Being a former semi-professional football player, I have always had a great respect for coaches, especially those who coach kids. They have tremendous responsibilites as their duty (in my opinion) goes beyond coaching. Sometimes, they endorse the Father’s role or are as influencial as a big brother. Tom Byer is coaching kids in Japan, and his story is just fantastic. Here is an interview he gave to Football Weekly back in 2009.
Tom Byer has been coaching football to children in Japan for over 20 years now and his training programs have since developed into one of Japan’s most effective and recognised training systems throughout the country. With
over 2,000 football events conducted for Coever Coaching 500,000 kids, parents and coaches, Tom has established the largest football school business in Japan and around the world, with over 80 schools, 150 full-time coaches
and 15,000 kids.
Tom was also awarded the Golden Boot Award by adidas International in 1997 for his contributions to youth soccer in Asia. Tom has since left Coerver, and has continued his Japanese Television Show, established his own Football Academy, and is consulting on several different Football Academy Projects throughout Asia.
FW: What has been the most challenging aspect of coaching in Japan? What about the rest of Asia?
Tom: I believe that the most challenging aspect has been to convince people that more resources must be put into Youth Development. Grass roots football has often been viewed as an obligation rather than an opportunity. When I introduced the Coerver Program into Japan, it took private investments to build the company. At the time, we had no support from the National Federation or sponsors, government, etc. Other than adidas, who was the worldwide sponsor of Coerver at the time.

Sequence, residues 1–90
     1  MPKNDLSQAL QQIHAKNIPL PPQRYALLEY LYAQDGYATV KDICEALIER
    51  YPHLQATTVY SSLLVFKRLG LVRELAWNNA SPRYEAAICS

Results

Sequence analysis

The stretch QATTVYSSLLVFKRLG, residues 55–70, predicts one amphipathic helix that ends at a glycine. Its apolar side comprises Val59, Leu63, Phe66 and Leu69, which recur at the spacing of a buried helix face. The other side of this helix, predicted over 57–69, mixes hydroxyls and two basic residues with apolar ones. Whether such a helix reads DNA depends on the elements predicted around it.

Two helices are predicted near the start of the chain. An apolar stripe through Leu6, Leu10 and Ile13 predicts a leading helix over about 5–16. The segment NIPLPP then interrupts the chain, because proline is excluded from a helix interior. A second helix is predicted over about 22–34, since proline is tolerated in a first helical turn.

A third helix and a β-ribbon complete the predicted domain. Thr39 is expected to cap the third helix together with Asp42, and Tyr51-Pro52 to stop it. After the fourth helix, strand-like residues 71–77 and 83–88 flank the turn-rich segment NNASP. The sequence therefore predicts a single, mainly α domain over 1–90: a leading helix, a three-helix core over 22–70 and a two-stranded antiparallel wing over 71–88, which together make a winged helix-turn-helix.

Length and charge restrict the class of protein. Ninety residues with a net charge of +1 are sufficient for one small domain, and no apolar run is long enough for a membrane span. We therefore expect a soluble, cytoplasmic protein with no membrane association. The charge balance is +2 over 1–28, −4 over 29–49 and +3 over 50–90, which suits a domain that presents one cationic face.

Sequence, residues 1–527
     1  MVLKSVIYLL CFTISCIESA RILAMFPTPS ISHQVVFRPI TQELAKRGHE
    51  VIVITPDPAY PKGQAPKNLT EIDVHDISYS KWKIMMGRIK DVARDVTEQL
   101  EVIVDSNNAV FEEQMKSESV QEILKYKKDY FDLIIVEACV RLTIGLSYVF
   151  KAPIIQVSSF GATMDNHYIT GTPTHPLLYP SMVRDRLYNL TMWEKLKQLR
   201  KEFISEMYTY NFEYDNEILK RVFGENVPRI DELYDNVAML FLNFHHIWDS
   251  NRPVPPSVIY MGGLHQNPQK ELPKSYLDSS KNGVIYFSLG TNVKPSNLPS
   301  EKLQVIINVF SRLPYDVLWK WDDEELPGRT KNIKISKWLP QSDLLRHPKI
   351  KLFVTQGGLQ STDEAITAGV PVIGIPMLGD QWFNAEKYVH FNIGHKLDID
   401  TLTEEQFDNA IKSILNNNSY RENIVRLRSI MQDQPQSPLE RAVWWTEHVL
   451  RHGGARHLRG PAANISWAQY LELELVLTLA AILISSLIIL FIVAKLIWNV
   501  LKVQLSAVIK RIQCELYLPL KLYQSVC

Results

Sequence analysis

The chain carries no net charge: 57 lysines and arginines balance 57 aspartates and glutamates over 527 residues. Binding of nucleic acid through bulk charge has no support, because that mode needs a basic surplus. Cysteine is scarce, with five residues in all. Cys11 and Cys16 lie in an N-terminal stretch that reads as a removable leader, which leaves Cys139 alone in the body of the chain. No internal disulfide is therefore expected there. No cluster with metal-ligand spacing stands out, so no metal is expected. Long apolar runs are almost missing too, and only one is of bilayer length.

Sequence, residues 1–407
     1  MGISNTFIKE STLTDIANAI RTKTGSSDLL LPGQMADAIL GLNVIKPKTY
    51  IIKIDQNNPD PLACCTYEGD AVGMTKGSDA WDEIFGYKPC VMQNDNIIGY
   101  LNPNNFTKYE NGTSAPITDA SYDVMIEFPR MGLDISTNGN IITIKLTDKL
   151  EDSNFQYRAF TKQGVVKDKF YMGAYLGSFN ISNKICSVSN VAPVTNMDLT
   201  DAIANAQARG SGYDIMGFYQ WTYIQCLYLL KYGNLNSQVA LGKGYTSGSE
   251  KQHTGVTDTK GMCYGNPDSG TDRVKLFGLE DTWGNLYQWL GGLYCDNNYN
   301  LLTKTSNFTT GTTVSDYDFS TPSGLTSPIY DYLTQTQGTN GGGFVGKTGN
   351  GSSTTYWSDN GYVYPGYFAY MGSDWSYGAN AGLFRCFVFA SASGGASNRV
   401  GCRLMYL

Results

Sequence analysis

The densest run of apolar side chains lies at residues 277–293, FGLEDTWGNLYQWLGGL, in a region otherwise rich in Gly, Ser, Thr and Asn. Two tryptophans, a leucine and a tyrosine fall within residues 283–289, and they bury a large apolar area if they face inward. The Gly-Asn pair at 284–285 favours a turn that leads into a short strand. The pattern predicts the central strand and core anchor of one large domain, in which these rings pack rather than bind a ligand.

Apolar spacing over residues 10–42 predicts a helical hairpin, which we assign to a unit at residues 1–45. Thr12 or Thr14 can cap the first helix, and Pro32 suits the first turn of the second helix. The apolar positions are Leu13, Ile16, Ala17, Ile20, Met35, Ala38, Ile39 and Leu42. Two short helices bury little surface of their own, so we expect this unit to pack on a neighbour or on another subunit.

The reason that the Program took off was due to the sub-standard level of Coaching at the U12 Level. It changed the idea that football is being taught as an individual pursuit rather than as a team. I also convinced the investors to invest in both facilities and staff. I did not allow any staff to be affiliated with any club organizations and made sure that they worked only for us and nobody else. That meant a substantial amount of investment into bringing in the right staff and training personnel. The national federations administer the Elite Training Programs for U12 etc., but they do not take much of an active role in educating the coaches who teach at this level.
Almost all of the resources in every country go into the national team or the professional leagues. Teaching at this level is special and the big super clubs are now beginning to understand why. The old school of thought has been to place the most inexperienced and least paid coaches at the bottom. So if you don’t make it as a player at the top, you trickle down to the bottom. However, that is the wrong school of thought and if you accept the idea that all the young players are the future of your club or federation, you must put some of the best and the brightest with them.
FW: What foundations or skills should a child learn to allow him to play the game better?
Tom: There are basics that every player should learn to master. Techniques like stopping and starting with the ball, changing direction, cutting, passing and receiving. Skills that will give a player a certain amount of comfort with the ball at his or her feet. A player needs to be able to use both feet as if they are team mates, with one foot able to follow the other without hesitation.